"I suffered from isolation. Radicalization is the consequence of this. I suffered not just severely but very strongly," Breivik said, as quoted by NRK broadcaster during the trial which began Tuesday and will determine whether to overturn the earlier ruling that the state violated some of his rights during the incarceration.
He added that during the first years of the imprisonment he was body searched up to five times a day and that it was an insult to him. The presence of female police officers during the searches were even more offensive to him.
In March 2016, Breivik sued the government for the overly harsh confinement conditions, citing the quality of food, excessive strip searches and lack of contact with other people. The court ruled that the state had violated Breivik's rights in regards to the length of isolation and the number of strip searches, but stated that the monitoring of the inmate's letters had been justified.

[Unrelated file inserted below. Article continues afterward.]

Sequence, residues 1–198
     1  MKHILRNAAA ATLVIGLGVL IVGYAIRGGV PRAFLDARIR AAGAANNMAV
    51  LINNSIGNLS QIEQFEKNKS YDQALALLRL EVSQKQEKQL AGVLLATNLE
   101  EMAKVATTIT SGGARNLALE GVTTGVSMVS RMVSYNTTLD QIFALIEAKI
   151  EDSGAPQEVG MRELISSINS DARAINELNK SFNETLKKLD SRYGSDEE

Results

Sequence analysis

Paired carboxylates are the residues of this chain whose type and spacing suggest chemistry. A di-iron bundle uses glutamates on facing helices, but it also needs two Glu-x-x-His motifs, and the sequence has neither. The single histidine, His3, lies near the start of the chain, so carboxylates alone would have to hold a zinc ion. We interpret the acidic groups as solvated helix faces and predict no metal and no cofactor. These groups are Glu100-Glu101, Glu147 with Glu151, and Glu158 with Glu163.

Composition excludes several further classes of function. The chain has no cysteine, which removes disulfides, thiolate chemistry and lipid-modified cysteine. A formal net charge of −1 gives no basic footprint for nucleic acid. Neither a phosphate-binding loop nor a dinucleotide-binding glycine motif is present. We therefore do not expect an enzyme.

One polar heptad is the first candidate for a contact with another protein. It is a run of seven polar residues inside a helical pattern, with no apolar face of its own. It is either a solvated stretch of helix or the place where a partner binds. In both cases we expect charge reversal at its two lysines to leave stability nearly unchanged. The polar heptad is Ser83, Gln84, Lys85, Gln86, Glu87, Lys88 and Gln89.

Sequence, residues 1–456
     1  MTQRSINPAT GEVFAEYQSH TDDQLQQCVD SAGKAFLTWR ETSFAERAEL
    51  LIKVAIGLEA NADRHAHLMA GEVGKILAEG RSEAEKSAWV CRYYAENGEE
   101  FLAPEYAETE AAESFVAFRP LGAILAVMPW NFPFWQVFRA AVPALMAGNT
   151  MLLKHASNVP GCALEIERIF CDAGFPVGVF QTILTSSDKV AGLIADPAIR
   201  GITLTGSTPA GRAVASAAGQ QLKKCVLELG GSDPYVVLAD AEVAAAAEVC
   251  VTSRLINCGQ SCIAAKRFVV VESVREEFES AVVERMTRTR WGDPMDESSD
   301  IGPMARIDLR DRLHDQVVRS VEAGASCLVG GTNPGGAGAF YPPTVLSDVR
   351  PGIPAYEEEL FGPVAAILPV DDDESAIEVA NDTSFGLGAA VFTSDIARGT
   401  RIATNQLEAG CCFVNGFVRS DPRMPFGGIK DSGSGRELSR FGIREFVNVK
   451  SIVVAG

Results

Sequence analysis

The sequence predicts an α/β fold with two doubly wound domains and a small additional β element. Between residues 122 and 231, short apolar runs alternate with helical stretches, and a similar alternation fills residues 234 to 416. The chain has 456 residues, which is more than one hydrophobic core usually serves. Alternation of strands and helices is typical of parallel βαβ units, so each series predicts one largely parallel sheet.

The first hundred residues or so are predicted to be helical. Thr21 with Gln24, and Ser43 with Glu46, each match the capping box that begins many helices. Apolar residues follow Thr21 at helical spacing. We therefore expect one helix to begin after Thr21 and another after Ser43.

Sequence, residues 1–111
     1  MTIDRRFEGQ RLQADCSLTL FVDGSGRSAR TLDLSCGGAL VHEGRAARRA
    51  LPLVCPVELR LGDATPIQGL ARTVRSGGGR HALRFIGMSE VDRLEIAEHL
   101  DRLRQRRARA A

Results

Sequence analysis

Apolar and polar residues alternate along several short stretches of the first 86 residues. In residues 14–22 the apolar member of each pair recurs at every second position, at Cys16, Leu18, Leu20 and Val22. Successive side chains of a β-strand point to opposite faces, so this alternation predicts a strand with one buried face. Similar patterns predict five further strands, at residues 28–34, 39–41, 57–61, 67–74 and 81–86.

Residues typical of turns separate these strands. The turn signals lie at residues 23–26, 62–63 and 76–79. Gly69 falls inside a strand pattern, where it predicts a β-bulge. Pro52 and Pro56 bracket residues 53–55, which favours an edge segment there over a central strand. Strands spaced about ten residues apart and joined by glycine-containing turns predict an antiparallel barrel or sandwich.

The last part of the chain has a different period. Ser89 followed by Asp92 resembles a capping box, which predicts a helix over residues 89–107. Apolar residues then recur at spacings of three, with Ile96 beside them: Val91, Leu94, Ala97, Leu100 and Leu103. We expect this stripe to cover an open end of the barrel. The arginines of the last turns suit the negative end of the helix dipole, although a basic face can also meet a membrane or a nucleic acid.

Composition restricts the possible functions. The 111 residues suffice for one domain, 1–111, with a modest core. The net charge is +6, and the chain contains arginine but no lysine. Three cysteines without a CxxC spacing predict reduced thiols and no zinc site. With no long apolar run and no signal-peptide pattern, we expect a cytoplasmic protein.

The new hearing will continue until January 18, as the court will consider two appeals, from the state and from Breivik himself. The state is appealing last year's court decision, as it believes that strip searches and isolation were justified and Breivik could inspire like-minded individuals to commit new crimes, if his correspondence was not monitored. The prisoner insists that he has a right to a private life and correspondence.
Breivik is serving a 21-year prison term in Norway after he killed a total of 77 people during his two attacks, targeting the Labour Party's camp at the Utoya island outside Oslo and a Norwegian government building in 2011.
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